When Benjamin Franklin said that “In this world, nothing can be said to be certain, except death and taxes,” it was a simpler time in our history.  Today, financial institutions are burdened with intricate reporting to the federal government and the requirement to send out detailed tax statements.  While closing out the end of year at a financial institution is already a large undertaking, the piece of the puzzle with the highest potential for customer impact is certainly the annual tax statements. 

With about 85% of Americans expecting a tax return each year and over $220 billion (with a B) returned to taxpayers, the importance of getting these statements correct and in the hands of your customers is vital.

With the important information tax statements hold, they need to be accurate, but they also need to be timely.  Some core software systems streamline this process by selling preprinted forms stock that works with their output.  It is also possible to print the tax form templates as an overlay and avoid purchasing (and over purchasing) forms stock and then destroying the leftovers since they are good for the current year only.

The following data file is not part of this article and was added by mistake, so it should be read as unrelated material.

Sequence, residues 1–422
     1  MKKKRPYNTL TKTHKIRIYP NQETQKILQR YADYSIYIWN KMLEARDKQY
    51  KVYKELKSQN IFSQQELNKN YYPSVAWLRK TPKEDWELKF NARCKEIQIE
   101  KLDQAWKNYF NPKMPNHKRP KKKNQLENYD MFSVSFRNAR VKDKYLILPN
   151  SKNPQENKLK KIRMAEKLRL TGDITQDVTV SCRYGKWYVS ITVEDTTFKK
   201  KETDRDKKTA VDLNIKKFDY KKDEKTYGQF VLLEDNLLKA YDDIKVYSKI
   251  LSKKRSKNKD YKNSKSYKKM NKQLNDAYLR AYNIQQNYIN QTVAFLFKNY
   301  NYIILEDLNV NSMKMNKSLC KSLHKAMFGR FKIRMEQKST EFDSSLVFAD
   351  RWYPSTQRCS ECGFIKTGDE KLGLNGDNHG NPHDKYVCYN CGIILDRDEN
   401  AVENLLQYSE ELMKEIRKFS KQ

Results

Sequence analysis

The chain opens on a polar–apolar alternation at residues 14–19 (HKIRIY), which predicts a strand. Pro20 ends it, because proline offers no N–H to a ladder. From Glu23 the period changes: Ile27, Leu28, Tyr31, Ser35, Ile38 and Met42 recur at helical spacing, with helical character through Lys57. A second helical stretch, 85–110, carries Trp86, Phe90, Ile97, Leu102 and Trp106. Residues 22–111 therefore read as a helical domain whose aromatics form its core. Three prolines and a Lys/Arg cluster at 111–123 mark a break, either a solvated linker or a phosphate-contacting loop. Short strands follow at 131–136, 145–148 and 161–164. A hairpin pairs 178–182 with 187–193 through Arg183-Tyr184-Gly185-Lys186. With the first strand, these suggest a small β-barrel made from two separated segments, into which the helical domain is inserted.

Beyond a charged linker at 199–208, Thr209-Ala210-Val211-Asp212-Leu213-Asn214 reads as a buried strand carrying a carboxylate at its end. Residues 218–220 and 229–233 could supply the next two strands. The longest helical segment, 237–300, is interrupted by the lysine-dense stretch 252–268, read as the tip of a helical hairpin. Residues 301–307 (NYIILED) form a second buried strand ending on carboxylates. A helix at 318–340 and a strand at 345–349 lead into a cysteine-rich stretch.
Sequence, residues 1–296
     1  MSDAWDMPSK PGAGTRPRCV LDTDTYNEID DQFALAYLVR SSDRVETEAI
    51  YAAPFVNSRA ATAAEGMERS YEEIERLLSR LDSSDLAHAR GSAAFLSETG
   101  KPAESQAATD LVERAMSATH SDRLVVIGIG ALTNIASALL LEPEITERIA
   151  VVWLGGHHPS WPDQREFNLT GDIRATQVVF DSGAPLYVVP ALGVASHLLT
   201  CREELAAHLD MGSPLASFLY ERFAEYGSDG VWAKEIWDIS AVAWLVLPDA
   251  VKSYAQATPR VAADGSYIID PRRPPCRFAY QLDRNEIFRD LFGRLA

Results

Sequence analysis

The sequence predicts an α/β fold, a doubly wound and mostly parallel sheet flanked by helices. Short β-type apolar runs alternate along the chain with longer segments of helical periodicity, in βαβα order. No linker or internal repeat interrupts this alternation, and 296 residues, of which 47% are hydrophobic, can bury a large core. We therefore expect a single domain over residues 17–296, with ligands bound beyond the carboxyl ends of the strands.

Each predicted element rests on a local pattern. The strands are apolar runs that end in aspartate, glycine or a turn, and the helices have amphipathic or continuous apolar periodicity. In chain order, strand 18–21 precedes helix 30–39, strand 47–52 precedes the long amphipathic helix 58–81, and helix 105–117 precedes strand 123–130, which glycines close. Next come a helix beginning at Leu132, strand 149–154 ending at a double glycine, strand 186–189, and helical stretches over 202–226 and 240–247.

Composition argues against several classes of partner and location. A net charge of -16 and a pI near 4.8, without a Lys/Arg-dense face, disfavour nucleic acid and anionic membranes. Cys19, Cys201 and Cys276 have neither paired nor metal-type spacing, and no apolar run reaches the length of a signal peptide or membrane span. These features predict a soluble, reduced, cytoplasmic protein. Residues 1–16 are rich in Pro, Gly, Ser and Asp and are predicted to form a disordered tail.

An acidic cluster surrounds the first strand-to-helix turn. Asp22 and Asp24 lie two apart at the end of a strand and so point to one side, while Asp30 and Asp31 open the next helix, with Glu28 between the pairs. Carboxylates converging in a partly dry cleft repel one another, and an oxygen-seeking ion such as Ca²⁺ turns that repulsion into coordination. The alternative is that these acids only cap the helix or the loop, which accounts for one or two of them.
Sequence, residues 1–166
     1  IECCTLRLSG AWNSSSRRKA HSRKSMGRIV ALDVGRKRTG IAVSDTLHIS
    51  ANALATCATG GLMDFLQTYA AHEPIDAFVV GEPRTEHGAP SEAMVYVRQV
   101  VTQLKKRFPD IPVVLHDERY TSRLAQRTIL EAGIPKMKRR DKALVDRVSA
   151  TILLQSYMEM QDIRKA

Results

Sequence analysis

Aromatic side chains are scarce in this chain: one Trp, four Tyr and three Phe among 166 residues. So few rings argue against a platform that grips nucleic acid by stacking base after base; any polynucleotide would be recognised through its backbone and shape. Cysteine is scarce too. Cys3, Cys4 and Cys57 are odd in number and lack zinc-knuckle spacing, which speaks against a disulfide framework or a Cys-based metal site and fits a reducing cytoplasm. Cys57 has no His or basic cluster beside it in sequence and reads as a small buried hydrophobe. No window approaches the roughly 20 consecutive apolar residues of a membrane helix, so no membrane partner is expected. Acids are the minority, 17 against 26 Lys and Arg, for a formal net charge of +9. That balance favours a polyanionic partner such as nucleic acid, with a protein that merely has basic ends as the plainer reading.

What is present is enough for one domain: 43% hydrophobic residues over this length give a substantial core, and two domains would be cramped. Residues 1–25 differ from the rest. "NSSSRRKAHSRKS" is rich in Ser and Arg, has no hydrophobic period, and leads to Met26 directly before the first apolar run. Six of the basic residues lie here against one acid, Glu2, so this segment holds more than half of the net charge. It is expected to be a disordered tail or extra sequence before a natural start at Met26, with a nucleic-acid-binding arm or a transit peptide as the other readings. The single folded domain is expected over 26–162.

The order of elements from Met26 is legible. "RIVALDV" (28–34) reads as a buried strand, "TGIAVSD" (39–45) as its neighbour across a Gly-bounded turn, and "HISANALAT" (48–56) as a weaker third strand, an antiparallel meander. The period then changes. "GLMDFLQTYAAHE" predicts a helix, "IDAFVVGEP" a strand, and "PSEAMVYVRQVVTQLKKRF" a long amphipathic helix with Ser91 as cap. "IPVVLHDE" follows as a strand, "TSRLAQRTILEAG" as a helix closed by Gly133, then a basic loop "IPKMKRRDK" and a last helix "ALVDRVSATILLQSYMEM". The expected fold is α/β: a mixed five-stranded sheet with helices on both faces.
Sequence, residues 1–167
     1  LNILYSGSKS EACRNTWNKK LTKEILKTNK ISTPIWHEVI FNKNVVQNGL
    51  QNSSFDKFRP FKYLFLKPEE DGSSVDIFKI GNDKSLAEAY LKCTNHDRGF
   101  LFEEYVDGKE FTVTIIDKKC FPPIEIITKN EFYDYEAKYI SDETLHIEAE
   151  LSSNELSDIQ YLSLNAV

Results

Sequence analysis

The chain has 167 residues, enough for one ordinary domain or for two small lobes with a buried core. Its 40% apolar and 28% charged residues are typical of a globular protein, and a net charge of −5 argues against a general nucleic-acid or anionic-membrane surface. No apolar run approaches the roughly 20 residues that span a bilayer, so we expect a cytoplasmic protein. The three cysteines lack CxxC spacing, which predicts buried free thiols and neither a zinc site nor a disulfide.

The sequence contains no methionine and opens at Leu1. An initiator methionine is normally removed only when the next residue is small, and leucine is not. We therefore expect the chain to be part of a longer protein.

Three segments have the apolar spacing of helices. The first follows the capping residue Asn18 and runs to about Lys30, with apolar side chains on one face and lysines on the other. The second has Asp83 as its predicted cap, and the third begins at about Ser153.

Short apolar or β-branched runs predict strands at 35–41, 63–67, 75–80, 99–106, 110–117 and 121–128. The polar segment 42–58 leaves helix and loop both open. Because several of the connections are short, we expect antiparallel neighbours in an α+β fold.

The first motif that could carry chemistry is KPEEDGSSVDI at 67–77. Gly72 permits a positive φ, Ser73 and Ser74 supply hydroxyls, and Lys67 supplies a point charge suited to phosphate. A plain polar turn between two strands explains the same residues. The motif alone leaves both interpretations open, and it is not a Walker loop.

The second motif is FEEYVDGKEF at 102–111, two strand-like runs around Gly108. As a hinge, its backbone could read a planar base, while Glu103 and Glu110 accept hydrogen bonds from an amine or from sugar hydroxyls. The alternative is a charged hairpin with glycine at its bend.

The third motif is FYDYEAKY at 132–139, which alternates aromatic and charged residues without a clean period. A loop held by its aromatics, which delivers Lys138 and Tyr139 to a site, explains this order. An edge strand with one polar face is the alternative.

Depending on your volume, it may make sense to combine statements into the same envelope to reduce costs even further and provide convenient packaging for your customers.  This process can greatly reduce your postage costs for the project.  One customer, one envelope, one piece of postage, for multiple statements. 

Here are ideas to help improve the efficiency of producing your tax statements:

  • Use a forms overlay instead of buying proprietary forms stock.
  • Combine statements so that your customers with multiple accounts can get one package.
  • Produce your tax work during low volume production times - such as off cycle days or weekends.
  • If you own manifest mail software, ask your provider to help you set up your tax work to apply a postage discount. 
  • Partner with companies that can do all or part of this process for you if you don’t have the bandwidth at year end. 

What about you? How do you tackle tax season in your organization?  What advice do you have for others that you have learned over the years?